Law School -- Materials for Success: 

Chapter Seven

- The Next Semester

Professor Barbara Glesner Fines 2006

UMKC School of Law


It’s a brand new semester. Your grades are in. You are devastated, exhilarated, relieved, puzzled, or angry… or maybe all of these feelings and more. How do you continue to improve your performance in law school each semester. Few students take advantage of the awesome power of reflection on the past as a learning tool.

Of course, immediately after a semester’s exams, you are best to simply try to forget the entire experience.  The costs in anxiety, competition, and lost confidence from post-exam comparisons with others are rarely worth the gains.  However, after the exams are graded, be sure to continue to learn from the process.  Students often neglect to use this outstanding tool for improving their exam performance -- a review of their prior semester’s work and exam performance. 


Reviewing your past semester’s learning


Look back over your past semester’s work and inventory your learning. Don’t automatically assume that your grades tell you what you’ve learned (they are a clue, but there’s many a person who has gotten a bad grade on an exam in a subject they learned well and others who have gotten good grades on subjects they have retained only long enough to get the grade). Since one of your purposes in law school is to acquire the skills and knowledge necessary for a successful lifetime of lawyering, stop and reflect on what you have learned. Consider your past semester’s study approaches in light of that reflection. Some question to consider:

  • Which subject matter do you feel you have retained the best? What factors contributed to that retention? Did you study harder, longer? We you more interested in the subject matter? Were the learning materials you used different or better for that subject? How can you take those learning advantages for that subject and apply them to this semester’s study?
  • How did you capitalize on your learning style strengths when studying for a subject? Do you want to reconsider some approaches (e.g., listening to taped lectures was a waste, typing all my notes really nailed the subject for me)
  • How about your study schedule. If you “burned out” at some point during last semester, when and why? Can you plan you semester to avoid (or at least accommodate) that need to catch your breath?
  • How did you outline? Be sure to save your outlines so you can compare them to your final exams and see what you had and what you didn’t.
  • Overall, how much time did you spend preparing for classes, in post exam review, in preparing for the final exam? Do you think it would be productive to reallocate some of that time this semester?
  • Did you at any time study with anyone else? Will you reconsider that arrangement this semester or do you want to replicate it?
  • Look forward to this semester’s courses. How do they look as though they will be the same as last semester’s classes (e.g., code courses require the same kind of close reading and “book juggling” regardless of the subject matter; courses with lots of history or theory as emphasis require another kind of attention)? Compare classes and make decisions about approaches to studying each of this semester’s classes.


Reviewing your past semester’s grades

Now, consider your exam performance. Get a copy of your final exam, if permitted, and read over the questions and your answer carefully. If the professor has a grading rubric or answer key for the exam, you should ask if you can review that as well. To the extent you can, answer these questions about your exam answer:

  • What was your goal for the exam? Were you satisfied with your results?
  • Did you spot all the issues? What types did you miss? (For example, are there issues you saw, but considered unnecessary or superfluous because other issues “answered the question”?) For issues you simply didn’t see, why do you think you didn’t see them (didn’t read facts carefully enough? didn’t understand the issue? didn’t remember the issue?)
  • Did you waste time? Look for places where you wrote a lot, but earned no points because you were restating facts; copying excessive quotes; reciting history, background or general policies of the law -- apart from using this to analyze an issue.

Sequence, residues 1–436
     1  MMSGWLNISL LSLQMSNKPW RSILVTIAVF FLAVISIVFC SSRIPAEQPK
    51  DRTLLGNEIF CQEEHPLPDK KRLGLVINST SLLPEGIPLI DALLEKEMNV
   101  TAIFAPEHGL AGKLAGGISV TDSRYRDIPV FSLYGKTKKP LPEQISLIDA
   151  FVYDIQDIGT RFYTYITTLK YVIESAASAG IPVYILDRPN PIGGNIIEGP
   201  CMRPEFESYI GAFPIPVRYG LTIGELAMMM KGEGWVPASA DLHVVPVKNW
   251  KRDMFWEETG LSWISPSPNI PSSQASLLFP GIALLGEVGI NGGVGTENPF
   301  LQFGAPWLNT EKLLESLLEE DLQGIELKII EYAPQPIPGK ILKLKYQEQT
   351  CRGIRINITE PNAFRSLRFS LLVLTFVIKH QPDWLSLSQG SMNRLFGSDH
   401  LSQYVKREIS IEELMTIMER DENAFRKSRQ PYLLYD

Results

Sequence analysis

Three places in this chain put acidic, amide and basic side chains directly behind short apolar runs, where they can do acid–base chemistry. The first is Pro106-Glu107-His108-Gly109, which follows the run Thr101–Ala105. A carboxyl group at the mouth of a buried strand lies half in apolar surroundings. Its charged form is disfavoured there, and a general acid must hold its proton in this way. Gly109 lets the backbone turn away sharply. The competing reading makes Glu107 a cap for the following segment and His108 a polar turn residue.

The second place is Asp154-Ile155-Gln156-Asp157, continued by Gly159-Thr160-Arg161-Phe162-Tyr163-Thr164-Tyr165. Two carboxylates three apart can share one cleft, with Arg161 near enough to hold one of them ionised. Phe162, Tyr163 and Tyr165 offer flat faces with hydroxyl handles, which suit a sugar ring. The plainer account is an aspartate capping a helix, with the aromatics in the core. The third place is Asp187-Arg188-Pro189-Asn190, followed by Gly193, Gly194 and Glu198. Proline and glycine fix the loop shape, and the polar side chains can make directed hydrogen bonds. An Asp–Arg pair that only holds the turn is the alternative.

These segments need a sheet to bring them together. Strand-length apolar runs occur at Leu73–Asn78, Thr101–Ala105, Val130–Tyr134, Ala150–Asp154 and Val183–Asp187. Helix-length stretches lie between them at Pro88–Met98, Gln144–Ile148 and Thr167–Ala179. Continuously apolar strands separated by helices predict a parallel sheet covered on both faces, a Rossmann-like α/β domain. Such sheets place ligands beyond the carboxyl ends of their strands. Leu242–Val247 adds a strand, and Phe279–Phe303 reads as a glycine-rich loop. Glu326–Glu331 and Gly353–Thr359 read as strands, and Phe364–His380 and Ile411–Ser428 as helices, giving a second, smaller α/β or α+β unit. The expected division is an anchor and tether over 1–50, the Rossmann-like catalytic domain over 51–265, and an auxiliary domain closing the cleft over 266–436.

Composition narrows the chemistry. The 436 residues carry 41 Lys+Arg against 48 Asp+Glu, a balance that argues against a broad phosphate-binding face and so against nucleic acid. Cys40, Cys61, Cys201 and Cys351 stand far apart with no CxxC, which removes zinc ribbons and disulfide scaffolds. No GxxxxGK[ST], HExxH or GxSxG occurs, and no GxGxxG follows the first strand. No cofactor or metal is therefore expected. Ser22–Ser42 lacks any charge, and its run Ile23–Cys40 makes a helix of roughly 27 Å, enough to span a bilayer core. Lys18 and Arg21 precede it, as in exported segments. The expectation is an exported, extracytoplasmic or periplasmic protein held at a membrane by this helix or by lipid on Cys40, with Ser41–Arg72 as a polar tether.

• Did you answer the question asked?
  • Did you accurately state the law?
  • Did you read the facts accurately?
  • Did you make unwarranted assumptions?
  • Did you organize your answer well?
  • Did you analyze the application of the rule to the facts thoroughly?
  • Did you analyze both sides of the issue?
  • Did you complete the exam? Did you manage your time?
  • Where did you miss most of your points? If you missed issues or stated the law inaccurately, was this because the material was inaccurate or omitted from your notes or because you had not sufficiently reviewed? (compare your exam with your outline and study materials) If you missed analysis, was this because you ran out of time, didn't see the need for the analysis, or didn't understand the material well enough to provide the analysis?
  • What is your goal for the next exam?

Meeting with your professor

Make an appointment with all your professors to talk about your exam performance (regardless of your grades). Prepare yourself for this meeting to get the most out of it. First, prepare your attitude. This is your opportunity to get some very specific feedback on your exam performance. You should approach this meeting with an attitude of detached curiosity. Think of yourself as an anthropologist, trying to understand some curious native ritual. This is NOT an opportunity to try to get your grade changed (it won’t happen and if it does it won’t be because you tried to make it happen). Nor is this a time to apologize for or defend your performance – the professor is not judging you as a person based on your exam. Professors know all too well that an exam is one brief period of time. They know people have good days and bad. They will not suddenly consider you brilliant or brainless depending on the grade you got on the exam.

Second, decide what you need to learn. What kinds of questions might you ask that will help you improve your exam performance in the future? If the professor does not have a grading rubric or has no written clues to where you did well and where you did poorly, you will need to start by simply going through the exam and having the professor highlight the exam’s hits and misses. If you have a pretty good idea from having reviewed the exam and any grading feedback the professor provided, you may still have questions about what more you could have done. If your preliminary review doesn’t tell you what issues or analysis you missed, ask about the kinds of arguments you could have made but didn’t. Ask the professor to point out any areas where you wasted your time on the exam. If you are concerned that your writing or organization of an answer could be improved, try doing that. Re-write one question and ask the professor whether you have improved it. Be sure to let the professor know that you are not doing this to try to secure a grade change!